Lake Atitlan, Panajachel, Guatemala

“Reading and writing are acts of empathy and faith. Guard that trust carefully — in this rapidly changing business, it’s the only sure thing.” ~Erin Keane
"Never give up. And most importantly, be true to yourself. Write from your heart, in your own voice, and about what you believe in." ~ Louise Brown

"Write something to suit yourself and many people will like it; write something to suit everybody and scarcely anyone will care for it."
~Jesse Stuart

"A writer's job is to take one thing and make it stand for twenty." ~ Virginia Woolf

Thursday, August 12, 2010

The Problem with Self-Publishing

It used to be distribution. A self-pubbed book couldn't get into bookstores. Now? Does that even matter at all? No, not really.

The self-publisher can go electronic, promote like crazy using social media and a link on the blog, and sell amazing amounts. Karen McQuestion did just that with her ebook, A Scattered Life, and now it's being published by Amazon (when did they become a big press???) and made into a movie.

A book not making it to the bookstore shelf is mattering less and less as we speak. A recent NY Times article chronicles the problems bookstores, including the massive Barnes & Noble, are facing due to the ebook explosion. And booksellers thought they had it bad back when Amazon took hold. Man, that was nothing compared to what's happening now!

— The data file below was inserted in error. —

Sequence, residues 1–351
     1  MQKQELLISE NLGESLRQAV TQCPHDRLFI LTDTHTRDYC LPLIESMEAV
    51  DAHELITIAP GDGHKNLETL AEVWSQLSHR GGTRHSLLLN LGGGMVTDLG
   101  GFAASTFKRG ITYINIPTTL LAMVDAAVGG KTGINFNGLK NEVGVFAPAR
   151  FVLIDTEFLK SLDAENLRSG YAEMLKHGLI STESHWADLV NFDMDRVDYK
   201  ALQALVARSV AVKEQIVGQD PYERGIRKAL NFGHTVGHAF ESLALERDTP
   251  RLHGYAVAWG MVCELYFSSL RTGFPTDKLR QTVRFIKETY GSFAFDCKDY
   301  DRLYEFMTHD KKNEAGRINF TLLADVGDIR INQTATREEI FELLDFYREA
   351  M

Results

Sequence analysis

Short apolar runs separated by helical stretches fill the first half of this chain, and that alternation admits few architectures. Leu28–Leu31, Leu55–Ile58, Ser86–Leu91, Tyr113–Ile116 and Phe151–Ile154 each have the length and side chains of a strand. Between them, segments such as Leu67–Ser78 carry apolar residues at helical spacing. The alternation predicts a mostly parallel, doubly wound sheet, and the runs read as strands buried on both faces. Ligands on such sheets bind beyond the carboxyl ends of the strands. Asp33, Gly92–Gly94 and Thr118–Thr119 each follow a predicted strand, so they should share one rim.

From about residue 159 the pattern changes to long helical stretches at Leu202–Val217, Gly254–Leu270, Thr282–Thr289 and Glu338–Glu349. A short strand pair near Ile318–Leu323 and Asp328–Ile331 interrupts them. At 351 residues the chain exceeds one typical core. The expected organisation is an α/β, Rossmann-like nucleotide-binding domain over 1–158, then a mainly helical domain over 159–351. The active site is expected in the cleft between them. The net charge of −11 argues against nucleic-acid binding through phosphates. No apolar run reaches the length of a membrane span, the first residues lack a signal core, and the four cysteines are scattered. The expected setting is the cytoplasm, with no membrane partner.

So here's the question. Why bother with a publisher at all? Why bother with finding an agent, getting rejected, looking for a publisher, getting rejected, writing queries, getting rejected, submitting partials, getting rejected? Why not just save time, forgo the misery, and go straight to Smashwords? Or CreateSpace and Amazon?

If distribution doesn't matter, and marketing dollars are scarce (authors are having to promote like crazy anyway), then why not just do it all yourself and end up with a bigger piece of the pie?

A post yesterday on Melissa Cunningham's blog, A Writer's Reality, answers these questions, from the perspective of a debut author. EDITING. Did you hear that? I'm sure you did since I was shouting. EDITING. One more time. EDITING.

Sure you can have your work critiqued, even pay thousands of dollars for an editing service-- but all those people are so easy to ignore when they tell you something hard to hear, like:

These 3 chapters drag and don't add anything to the story--No way! That's my favorite part and is the essence of my book!

150,000 words is a bit much for a YA novel. Better cut by half-- I can't take out that much. Look at the 4th Harry Potter. It sold fine.